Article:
In a school board meeting on Tuesday night, Lake Valley Fire Chief Tim Alameda clarified the alarm was, in fact, set off by smoke, not dust.
“We’ve gone from not being reasonable and prudent to exhibiting a callous, blatant disregard for the safety of the children,” said Alameda to the joy of parents in attendance and who had already told the school district he didn’t think the school should be opened.
Parents were furious about the way Tarwater handled communication of the problem.
“The district has been very disingenuous with the communications with the parents,” Morse said.
Tarwater admits he could’ve informed parents of the situation earlier.
“Could it have been faster? You bet,” Tarwater said. “If I had to do it over, I would’ve had (Principal) Karin (Holmes) send information out sooner.”
Moving to Al Tahoe
After the incident Monday, Alameda urged Tarwater to not let students back into the main building.
“We didn’t have to move the students, but we did,” Tarwater said.
Starting Wednesday, Sept. 11, all students were dropped off at Al Tahoe for breakfast. Fourth graders, fifth graders and one second grade class were bused to Sierra House, while the rest of the students remained at Al Tahoe for classes.
Parents are not much happier with the situation at Al Tahoe.
Because that building is used by the Boys and Girls Club, some classes have to be broken down the end of the day and set up again the next morning.
“The teachers have been beyond flexible,” said Sierra House Principal Karin Holmes.
As she gave the Tribune a tour of the Al Tahoe location, students could be seen learning and heard laughing.
Kaylee Klym, a second grader who is attending school at Al Tahoe, said she’s glad to be there.
“We don’t have to deal with the construction,” Kaylee said, adding she doesn’t like the construction because it’s loud.
She’s been separated from her older brother, who is attending his fifth grade class at Sierra House but she said she’s OK with the separation because she’s got her friends to keep her company.
Kaylee’s mom, Colleen is amazed by the students.
“The children are so resilient,” Klym said. “They’ve continued to learn and achieve, no matter what’s been thrown their way.”
Holmes has also been impressed with the students.
“They never cease to amaze me,” Holmes said.
The Unsung Heroes
The students aren’t the only ones impacted by the changes. Teachers have had to quickly adjust and Dayberry is concerned for them.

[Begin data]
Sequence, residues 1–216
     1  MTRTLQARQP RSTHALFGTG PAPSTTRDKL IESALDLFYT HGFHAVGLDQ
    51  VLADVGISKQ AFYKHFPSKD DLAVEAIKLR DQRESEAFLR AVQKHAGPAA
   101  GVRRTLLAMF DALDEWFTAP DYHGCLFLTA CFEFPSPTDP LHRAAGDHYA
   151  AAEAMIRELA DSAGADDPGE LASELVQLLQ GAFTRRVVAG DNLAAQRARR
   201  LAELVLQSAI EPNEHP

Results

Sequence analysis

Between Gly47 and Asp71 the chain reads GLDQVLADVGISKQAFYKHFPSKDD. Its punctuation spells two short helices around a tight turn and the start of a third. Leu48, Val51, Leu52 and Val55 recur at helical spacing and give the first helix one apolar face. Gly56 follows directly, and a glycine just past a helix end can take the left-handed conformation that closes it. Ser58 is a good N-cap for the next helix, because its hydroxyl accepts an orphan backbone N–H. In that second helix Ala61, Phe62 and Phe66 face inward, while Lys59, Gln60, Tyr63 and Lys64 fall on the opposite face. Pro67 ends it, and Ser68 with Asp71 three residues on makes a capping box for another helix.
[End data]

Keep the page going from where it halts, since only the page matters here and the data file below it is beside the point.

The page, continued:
“Our teachers, they’re experiencing trauma themselves,” Dayberry said. “They are struggling to put on their best face for the students.”
Tarwater sees the toll the changes are taking on the teachers.
“The teachers are emotionally at their end, they want this to be done and it breaks your heart,” Tarwater said.
Dayberry also gives credit to Holmes who, she says, “is doing the very best she can.”
Holmes and Dayberry have given shout outs to custodians who have helped set up the classes at Al Tahoe and the cafeteria staff who are making food at Sierra House and bringing it to Al Tahoe.
Tarwater said he’s pushing the contractors to finish as soon as possible, but is cautious because overtime pay would come from the school district’s budget.
The school will be reinspected Friday, Sept. 13. Tarwater and Holmes are hoping to get students back to Sierra House the following week.
In the meantime, permanent fencing has been set up at Sierra House to protect students from the job site.
Another bathroom is being prepared for student and teacher use.
However, parents feel the relationship between them and Tarwater has been ruined.
“As a parent, I’m incredibly disheartened by the lack of transparency by the higher ups,” Klym said.
Dayberry has also lost trust in Tarwater.
“The mishandling of the Sierra House fire has created a lack of trust that the superintendent is able to continue on in his current position,” Dayberry said.
“All you can do is look at the schedule every day and make adjustments,” Tarwater said. “I have no control at this point.”
The construction is slated to be done Sept. 23.